From kids dreaming, to the heights of the heavens, 3D printing knows no limits. 3D Printing Industry reports on the successful launch of Russia’s first 3D printed spacecraft. This launch was carried out by cosmonaut Fyodor Yurchikhin:
“During a spacewalk from the International Space Station with fellow Roscomos cosmonaut Sergey Ryazanskiy, [Yurchikhin]” deployed the Tomsk-TPU-120 satellite by hand. The 3D printed satellite will spend the next 5 months in the void of space.
The Tomsk-TPU-120 satellite “has no engines, and exposed to the gravitational pull of the Earth’s gravity, its orbit will decay, eventually burning up in the atmosphere.” This nanosatellite, or “CubeSat, has a 3D printed hull, and numerous parts and components are 3D printed. The satellite measures approximately 300 x 100 x 100 mm, and also uses an electric battery, which reportedly has made use of 3D printing with zirconium for the first time ever.”
“Alongside the temperature sensors and other monitoring equipment, the satellite is equipped with a transmitter that will broadcast a recorded message. The greeting was recorded by students of Tomsk Polytechnic University (TPU), where the satellite was designed and made. The signal is repeated in 10 languages – including English – every minute at the frequency of 145.8 MHz and 437.025 MHz.”
As TPU Rector Petr Chubik explained following the launch: “I have unusual feelings because the world’s first 3D printed nanosatellite, [complete] with [a] Tomsk Polytechnic University label went into outer space. The event we waited for a year and a half has just taken place…This is a truly historic event.”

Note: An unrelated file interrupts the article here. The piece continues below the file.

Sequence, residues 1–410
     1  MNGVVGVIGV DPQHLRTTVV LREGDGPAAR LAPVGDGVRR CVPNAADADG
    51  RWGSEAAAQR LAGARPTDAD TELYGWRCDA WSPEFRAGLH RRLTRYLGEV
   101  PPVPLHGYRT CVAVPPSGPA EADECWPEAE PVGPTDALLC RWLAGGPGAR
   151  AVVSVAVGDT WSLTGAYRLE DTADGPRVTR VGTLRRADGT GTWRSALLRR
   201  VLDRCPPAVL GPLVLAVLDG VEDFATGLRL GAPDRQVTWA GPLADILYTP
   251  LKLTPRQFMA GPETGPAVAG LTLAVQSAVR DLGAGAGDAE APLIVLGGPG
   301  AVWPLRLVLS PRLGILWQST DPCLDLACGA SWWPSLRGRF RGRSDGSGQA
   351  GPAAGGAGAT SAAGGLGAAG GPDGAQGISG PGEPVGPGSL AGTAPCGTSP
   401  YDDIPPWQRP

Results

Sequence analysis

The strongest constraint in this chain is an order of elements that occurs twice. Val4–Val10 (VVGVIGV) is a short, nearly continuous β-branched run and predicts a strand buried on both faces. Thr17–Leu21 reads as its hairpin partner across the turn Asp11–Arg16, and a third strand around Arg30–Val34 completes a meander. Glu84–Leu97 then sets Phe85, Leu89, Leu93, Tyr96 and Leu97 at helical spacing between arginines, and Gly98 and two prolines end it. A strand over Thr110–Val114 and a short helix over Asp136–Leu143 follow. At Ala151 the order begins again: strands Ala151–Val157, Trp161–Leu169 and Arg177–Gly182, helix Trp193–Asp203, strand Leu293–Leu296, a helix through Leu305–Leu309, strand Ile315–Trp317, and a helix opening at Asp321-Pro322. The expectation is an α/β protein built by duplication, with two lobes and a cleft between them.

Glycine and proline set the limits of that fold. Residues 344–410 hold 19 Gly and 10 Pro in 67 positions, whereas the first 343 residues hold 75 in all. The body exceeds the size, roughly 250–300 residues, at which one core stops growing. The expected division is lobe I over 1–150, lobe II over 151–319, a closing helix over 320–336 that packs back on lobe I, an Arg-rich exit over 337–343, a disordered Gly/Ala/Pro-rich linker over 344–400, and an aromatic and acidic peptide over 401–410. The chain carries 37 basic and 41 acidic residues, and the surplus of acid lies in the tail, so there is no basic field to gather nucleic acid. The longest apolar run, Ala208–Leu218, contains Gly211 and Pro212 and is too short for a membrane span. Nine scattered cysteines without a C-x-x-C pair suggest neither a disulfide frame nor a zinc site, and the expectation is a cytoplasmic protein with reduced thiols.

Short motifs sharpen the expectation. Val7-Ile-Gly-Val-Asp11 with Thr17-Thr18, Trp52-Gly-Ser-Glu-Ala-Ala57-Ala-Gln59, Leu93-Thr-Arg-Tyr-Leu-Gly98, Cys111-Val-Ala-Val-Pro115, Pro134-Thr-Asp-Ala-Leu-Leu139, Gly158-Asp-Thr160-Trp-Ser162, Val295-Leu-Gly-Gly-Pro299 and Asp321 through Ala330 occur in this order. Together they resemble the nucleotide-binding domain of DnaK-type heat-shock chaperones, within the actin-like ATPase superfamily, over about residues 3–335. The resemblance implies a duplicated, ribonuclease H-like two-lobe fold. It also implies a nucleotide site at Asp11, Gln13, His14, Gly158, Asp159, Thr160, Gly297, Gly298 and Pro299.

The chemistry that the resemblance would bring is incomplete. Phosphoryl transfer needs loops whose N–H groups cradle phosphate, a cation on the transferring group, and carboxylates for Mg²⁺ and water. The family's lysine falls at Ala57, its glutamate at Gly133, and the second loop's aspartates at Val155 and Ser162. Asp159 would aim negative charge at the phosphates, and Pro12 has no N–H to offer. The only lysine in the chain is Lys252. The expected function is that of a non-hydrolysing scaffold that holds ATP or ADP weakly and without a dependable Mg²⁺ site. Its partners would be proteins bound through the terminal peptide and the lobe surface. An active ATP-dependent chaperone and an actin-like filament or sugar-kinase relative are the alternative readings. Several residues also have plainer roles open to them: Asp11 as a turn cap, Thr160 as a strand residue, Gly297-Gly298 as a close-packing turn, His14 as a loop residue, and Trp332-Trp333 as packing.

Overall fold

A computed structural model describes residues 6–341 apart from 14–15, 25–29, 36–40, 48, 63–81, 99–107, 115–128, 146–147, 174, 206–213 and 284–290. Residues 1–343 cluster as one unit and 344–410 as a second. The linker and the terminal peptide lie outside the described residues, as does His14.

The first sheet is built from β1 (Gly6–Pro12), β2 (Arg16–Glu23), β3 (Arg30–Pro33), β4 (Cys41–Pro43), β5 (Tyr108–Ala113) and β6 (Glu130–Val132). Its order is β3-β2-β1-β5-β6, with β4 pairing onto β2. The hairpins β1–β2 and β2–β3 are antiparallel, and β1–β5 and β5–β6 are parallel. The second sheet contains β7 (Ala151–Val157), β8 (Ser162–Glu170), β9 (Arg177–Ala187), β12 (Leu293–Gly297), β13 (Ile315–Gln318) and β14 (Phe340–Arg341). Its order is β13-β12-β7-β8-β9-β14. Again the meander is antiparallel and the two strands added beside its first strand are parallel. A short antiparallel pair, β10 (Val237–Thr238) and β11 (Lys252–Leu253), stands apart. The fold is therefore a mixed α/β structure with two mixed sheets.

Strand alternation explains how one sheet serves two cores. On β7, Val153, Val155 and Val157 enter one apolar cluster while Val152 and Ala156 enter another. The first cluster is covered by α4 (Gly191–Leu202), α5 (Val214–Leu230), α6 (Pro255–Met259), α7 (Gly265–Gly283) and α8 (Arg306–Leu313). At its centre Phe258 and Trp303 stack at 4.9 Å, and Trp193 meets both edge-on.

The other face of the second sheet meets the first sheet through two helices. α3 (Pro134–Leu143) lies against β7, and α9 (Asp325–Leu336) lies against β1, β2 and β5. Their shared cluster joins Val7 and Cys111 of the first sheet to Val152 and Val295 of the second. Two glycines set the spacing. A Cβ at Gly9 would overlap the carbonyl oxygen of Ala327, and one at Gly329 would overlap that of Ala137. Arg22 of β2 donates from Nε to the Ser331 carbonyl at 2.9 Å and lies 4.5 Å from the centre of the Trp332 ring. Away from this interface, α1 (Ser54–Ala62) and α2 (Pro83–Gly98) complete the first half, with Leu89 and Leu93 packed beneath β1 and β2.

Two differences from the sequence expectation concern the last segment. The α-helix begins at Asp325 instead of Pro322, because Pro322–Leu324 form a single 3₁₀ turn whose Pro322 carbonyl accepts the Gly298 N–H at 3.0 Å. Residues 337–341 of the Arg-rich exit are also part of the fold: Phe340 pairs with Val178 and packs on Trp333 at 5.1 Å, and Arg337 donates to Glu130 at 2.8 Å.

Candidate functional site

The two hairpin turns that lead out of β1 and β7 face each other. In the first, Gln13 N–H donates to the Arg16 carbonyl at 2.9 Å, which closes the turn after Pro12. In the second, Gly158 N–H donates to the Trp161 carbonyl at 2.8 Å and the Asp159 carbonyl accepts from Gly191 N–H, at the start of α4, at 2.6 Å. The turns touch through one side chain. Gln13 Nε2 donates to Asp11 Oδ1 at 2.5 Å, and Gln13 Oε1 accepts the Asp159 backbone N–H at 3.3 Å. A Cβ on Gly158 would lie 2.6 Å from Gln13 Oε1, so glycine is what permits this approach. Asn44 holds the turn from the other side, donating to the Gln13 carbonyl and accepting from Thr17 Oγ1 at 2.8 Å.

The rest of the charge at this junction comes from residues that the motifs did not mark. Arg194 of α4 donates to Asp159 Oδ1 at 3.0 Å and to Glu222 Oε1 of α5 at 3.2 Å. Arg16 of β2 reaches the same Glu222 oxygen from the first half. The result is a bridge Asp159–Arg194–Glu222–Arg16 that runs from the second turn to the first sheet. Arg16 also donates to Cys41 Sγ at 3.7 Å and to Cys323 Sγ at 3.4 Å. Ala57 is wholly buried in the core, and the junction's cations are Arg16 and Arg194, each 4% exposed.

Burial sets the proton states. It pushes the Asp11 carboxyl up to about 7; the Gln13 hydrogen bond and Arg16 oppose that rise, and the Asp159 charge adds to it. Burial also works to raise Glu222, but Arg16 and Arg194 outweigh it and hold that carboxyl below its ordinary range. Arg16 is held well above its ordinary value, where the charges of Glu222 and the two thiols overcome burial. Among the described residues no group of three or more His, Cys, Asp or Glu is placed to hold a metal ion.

Vladimir Solntsev, the Director General of RSC Energia, one of TPU’s partners on the project, concluded: “now Tomsk can call itself ‘a space land’.”
Never to be outdone by the Russians, America’s military is also getting in on the 3D printing action as well.
The U.S. Army has recently announced the development of an additive manufacturing roadmap. As the press release for the roadmap explains, “additive manufacturing will allow Soldiers deployed in remote outposts around the world to ‘print’ virtually anything they need, from food to shelter to weapons or even the printing of new skin cells to repair burned skin.”
Military commitment to this industry illustrates just how valuable 3D printing can be. The U.S. Army states that its Additive Manufacturing Technology Roadmap has been “merged into the overarching Department of Defense (DOD) Roadmap that comprises common requirements and technical objectives across all service branches.”
“The DOD roadmap also identifies current and future capabilities that are needed to enable additive manufacturing and areas for collaboration. These common standards set out in the roadmap will enable the DOD, industry, and academia to effectively use additive manufacturing.”
Within this roadmap, “the U.S. Army Research, Development, and Engineering Command is developing additive manufacturing in three phases: Phase One will use additive manufacturing to repair or replace existing parts, Phase Two will reduce multi-part assembly from a series of parts to one part, and Phase Three will use additive manufacturing to create new parts that do not already exist.”
As the U.S. Army concludes, 3D printing is important to their operations because it “has the ability to improve the performance of Army weapon systems on the battlefield. Additionally, 3D printing gives the Army a tactical advantage by providing the ability to manufacture and produce items as close to the point of need as possible. This will not only lighten the logistics burden but also improve the efficiency of the acquisition process. By simplifying the process of repairing or producing spare parts, the Army will make critical gains in readiness.”
The world of 3D printing is always exciting and surprising – who knows what other innovations it will provide us with next month…
Image Courtesy of Digital Trends
Quotes Courtesy of Digital Trends, 3Ders, 3D Printing Industry, and the U.S. Army